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Bill Blakeley

Bill Blakeley
File:Bill Blakeley.jpg
Bill Blakeley coaching North Texas Mean Green men's basketball (photo courtesy of UNT Athletics; photographer unknown; circa 1975-1983)
Sport(s) Basketball
Biographical details
Born (1934-06-13)June 13, 1934
Van Zandt County, Texas
Died October 27, 2010(2010-10-27) (aged 76)
Playing career
1955–1956 Abilene Christian
Position(s) Forward
Coaching career (HC unless noted)
St. Mark's School of Texas (assistant)
St. Mark's School of Texas
Christian College of the Southwest
Dallas Chaparrals
North Texas
Accomplishments and honors
Texas Sportswriters Association
College Coach of the Year for Winter Sports (1977)
Abilene Christian University
Sports Hall-of-Fame (1993)
University of North Texas
Athletic Hall-of-Fame (2002)

Billie Buie Blakeley (June 13, 1934 – October 27, 2010), also known as William and Billy, was an American basketball coach at the high school, college, and professional levels.

Coaching career

Intercollegiate basketball: NCAA Division I

1975-76 to 1982-83 — Head coach at the University of North Texas Mean Green Basketball

  • March 18, 1975, the sports media announced that Athletic Director Hayden Fry had named Blakeley as the new Head Coach for Men's Basketball at North Texas. The media reported it 10 days after Gene Robbins had resigned the position.[1][2]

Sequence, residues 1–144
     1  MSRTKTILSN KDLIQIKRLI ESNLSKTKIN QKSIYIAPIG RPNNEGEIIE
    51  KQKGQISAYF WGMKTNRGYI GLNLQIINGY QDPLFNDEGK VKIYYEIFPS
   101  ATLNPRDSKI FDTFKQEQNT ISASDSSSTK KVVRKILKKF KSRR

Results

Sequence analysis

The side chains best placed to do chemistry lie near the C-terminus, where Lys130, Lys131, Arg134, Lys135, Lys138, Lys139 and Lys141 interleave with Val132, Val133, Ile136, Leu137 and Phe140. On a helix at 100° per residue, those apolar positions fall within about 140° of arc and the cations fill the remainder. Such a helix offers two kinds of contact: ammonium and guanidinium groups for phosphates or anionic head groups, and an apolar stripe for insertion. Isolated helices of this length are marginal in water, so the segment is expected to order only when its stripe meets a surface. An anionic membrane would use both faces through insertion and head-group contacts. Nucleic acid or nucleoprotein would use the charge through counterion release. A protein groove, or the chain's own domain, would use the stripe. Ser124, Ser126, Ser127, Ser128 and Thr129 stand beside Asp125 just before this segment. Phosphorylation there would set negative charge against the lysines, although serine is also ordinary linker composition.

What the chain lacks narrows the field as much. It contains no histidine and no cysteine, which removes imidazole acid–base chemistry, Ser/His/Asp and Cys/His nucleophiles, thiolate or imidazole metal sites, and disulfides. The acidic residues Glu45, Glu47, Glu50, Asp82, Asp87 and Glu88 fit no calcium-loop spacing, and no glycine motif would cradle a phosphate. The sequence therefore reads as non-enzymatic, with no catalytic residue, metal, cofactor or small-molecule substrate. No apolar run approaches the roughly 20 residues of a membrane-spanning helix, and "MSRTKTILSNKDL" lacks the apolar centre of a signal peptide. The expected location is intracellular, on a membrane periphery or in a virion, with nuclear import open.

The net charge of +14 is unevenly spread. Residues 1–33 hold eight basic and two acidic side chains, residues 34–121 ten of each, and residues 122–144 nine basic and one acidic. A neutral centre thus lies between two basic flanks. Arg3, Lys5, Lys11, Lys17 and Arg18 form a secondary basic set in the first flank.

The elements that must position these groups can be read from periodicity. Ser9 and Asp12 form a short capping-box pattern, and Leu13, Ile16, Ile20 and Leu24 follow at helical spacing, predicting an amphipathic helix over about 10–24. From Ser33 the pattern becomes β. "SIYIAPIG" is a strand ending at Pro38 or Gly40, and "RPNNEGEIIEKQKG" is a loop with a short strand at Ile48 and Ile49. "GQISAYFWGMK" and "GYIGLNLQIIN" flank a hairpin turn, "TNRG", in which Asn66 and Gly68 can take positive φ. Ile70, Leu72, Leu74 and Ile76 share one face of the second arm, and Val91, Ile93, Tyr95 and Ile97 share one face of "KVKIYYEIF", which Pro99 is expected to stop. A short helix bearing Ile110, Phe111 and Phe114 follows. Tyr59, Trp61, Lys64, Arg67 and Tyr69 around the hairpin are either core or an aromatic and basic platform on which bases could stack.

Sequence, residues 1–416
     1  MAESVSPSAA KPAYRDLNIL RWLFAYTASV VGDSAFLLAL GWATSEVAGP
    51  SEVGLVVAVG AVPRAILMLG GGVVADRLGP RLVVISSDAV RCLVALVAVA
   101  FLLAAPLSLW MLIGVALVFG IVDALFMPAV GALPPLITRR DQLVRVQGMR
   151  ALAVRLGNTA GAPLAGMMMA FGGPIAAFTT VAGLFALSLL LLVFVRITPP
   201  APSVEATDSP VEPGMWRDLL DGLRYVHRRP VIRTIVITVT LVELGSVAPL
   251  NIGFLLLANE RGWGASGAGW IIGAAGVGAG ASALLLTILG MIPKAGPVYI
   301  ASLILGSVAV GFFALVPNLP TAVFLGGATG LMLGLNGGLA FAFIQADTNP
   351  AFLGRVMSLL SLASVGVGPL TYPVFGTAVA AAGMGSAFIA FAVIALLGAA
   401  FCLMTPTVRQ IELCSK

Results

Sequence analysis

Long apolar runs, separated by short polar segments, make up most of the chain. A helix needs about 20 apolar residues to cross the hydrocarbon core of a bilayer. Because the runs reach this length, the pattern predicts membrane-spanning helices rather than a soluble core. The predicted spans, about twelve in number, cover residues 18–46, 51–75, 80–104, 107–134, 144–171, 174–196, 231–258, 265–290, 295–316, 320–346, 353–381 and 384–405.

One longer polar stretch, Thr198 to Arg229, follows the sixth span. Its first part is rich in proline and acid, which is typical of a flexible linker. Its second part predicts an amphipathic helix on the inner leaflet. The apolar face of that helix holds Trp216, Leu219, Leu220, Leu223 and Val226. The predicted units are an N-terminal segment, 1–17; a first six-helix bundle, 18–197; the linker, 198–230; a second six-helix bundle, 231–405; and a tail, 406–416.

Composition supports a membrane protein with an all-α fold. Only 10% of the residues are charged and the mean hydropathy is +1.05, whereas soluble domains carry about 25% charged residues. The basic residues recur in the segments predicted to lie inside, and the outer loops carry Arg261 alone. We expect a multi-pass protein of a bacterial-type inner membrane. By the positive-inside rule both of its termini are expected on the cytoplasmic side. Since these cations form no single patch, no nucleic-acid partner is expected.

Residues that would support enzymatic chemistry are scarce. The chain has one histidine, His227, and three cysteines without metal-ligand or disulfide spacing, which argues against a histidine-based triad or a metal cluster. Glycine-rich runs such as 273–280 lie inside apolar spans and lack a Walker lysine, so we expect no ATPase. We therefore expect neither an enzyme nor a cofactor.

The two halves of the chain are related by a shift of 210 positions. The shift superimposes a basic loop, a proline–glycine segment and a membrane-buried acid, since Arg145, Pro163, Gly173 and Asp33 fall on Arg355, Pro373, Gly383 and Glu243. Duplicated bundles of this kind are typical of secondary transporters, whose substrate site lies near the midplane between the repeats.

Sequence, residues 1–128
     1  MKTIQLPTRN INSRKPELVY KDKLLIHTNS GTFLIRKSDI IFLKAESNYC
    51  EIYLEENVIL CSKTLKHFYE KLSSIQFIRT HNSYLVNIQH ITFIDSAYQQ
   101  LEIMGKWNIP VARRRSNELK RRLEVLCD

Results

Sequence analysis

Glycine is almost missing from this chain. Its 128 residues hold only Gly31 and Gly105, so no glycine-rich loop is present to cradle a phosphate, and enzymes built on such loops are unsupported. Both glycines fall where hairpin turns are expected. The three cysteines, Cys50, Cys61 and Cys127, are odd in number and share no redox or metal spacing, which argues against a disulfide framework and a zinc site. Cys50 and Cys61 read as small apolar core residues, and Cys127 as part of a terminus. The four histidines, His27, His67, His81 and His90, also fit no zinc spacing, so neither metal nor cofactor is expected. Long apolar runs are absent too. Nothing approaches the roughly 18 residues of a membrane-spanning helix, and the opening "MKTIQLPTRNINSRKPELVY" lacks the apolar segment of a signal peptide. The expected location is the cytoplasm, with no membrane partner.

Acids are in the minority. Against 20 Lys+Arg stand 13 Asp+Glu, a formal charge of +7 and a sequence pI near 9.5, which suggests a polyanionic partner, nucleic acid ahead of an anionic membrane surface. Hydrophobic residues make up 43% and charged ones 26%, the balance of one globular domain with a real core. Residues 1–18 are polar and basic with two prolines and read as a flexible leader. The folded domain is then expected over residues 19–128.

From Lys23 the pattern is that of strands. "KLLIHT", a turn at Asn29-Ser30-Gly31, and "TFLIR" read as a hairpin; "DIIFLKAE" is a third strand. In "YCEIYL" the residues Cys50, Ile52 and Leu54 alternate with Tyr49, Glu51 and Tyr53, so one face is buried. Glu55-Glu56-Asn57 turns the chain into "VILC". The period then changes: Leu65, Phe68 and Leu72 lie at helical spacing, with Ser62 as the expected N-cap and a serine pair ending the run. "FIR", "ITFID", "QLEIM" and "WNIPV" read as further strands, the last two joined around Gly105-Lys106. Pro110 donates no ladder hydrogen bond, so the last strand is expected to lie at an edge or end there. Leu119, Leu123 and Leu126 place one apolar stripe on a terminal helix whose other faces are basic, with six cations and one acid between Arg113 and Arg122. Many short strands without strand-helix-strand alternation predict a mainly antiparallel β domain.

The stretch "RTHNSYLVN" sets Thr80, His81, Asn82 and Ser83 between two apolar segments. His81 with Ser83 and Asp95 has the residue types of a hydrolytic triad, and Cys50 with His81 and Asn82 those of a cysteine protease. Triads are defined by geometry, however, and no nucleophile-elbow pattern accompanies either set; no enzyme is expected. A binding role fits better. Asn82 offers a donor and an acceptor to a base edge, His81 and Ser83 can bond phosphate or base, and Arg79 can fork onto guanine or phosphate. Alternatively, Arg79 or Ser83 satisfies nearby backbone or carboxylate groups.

• With an overall 134-85 coaching record, as of 2010, Blakeley holds the third most wins and the fourth highest winning percentage of any men's basketball coach in North Texas history. None of five head coaches who have succeeded him (through 2010) have surpassed his overall winning percentage; though, Johnny Jones, the current head coach, surpassed his overall win record on December 31, 2009, with a win over the University of Arkansas at Little Rock. Pete Shands (Henry Gilchrist Shands; b 1899; d 1983), who coached North Texas Men's Basketball from 1935 to 1959, has the most wins with 217 over 22 seasons.
  • Blakeley also holds the all-time North Texas record for reaching 100 wins the fastest,[3] reaching it in his 6th season (1980–81).
  • Blakelely coached three consecutive 20-win seasons: 1975-76 (22-4); 1976-77 (21-6); 1977-78 (22-6)
  • North Texas achieved its first and, as of 2010, only top 20 national ranking. The Associated Press Men's Basketball Poll ranked North Texas 20th on February 3, 1976,[4] and 20th on February 10, 1976.[5]
  • Blakeley established a tradition of draping a cloth sign on the back of his chair at court-side. During his first season, his sign read DON'T EXPECT MIRACLES. The next year it read WILL MIRACLES NEVER CEASE? Another year it read UNDER CONSTRUCTION.
  • When he was hired, he told the media that, to beat North Texas, opponents will have to score at least 90 points. In his first season, he proceeded to turn around a team that was 6-20 in 1975, to 22-4 in 1976, averaging 96 points a game, the second highest in the nation. But the Eagles were invited neither to the NCAA tournament nor the NIT. Frustrated over the politics involved in getting invited to the NCAA Tournament, Blakeley conceded the only concrete argument the NCAA held against North Texas was that six of its games from the 1975-76 season were with teams outside of Division I; so, for the 1976-77 season, Blakeley beefed-up the schedule by dropping all non-Division I teams.[6]